I understand what your saying Katrina. I also wonder this. I often look around and wonder what will survive the next thousand years for future civilizations to find and try to 'decode' our society. This is why I think we have to make peace with the fact that we may never fully understand these civilizations. It's something that we will never truly know until we have lived in these times.
      (8 votes)
  • duskpin ultimate style avatar for user Julia Moon
    I think the people made these figures to represent attached twins or siblings. Was it possible at that time?
    (2 votes)
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  • piceratops ultimate style avatar for user Lauren Swalec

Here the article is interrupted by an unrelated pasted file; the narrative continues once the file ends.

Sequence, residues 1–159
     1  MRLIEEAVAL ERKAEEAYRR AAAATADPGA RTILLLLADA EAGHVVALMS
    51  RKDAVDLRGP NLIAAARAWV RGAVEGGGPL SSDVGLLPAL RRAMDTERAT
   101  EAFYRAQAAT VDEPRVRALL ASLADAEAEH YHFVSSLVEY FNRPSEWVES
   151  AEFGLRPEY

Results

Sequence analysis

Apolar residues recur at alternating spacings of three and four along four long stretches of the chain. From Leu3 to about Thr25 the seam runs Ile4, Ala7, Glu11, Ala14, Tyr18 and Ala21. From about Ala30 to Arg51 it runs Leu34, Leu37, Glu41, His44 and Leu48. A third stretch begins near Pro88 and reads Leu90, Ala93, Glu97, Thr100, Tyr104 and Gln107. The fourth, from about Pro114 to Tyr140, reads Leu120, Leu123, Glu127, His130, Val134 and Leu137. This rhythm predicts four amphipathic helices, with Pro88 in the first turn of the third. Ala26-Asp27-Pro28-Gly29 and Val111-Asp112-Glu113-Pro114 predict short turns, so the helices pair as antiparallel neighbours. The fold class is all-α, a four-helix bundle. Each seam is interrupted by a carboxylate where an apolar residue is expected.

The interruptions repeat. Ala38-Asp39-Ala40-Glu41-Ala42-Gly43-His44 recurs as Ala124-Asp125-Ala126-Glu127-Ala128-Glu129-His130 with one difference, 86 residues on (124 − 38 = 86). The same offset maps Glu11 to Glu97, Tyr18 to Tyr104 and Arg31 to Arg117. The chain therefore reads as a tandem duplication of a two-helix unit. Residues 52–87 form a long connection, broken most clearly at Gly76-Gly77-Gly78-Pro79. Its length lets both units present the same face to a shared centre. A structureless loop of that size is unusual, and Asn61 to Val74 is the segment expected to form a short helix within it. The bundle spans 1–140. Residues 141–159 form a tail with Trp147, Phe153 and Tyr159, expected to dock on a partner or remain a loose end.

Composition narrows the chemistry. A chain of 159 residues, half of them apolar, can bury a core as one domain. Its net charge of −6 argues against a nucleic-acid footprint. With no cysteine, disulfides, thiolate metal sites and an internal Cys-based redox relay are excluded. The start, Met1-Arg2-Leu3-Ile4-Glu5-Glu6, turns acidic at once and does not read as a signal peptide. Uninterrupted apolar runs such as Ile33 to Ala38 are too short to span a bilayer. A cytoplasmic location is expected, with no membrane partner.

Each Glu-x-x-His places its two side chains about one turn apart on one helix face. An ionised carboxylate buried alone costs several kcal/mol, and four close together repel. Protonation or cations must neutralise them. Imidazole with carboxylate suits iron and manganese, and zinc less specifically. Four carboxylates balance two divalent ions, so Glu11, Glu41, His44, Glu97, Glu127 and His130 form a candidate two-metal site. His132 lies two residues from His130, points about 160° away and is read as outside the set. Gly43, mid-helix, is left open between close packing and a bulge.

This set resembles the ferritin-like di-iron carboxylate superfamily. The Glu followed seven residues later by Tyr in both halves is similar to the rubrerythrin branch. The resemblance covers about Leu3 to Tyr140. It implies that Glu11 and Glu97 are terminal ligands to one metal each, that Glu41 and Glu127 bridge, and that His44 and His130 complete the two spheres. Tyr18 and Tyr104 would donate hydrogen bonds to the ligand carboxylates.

I love the little animal vessels! Especially the dog. Is there any information on what these would have been used for? Such as storing drinks or food?
    (3 votes)
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  • leaf green style avatar for user Manna Tsao
    To me, all of the figurines shown in the video looked very scary. Was there any purpose in making it look that way, for example to maybe scare the evil spirit away or something?
    (2 votes)
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  • piceratops ultimate style avatar for user Matthew DeWard
    Perhaps the dualistic notion of the two-faced or two-headed figurines could also be astrologically significant and relative to the constellation of Gemini. Although Gemini is a much later adaptation to the constellation's mythology, the stars themselves, are not. Perhaps they had a hypothesis of certain astrological events, and some pertained significantly to some more than others. Gemini today are seen as twins, mostly adopted from the Greek counterparts; Castor and Pollux. Perhaps, they had their own story told orally, off the written record, which told the story of the conjoined twins. It also reminds me of conjoined twins, which is generally considered a birth defect in anatomical studies.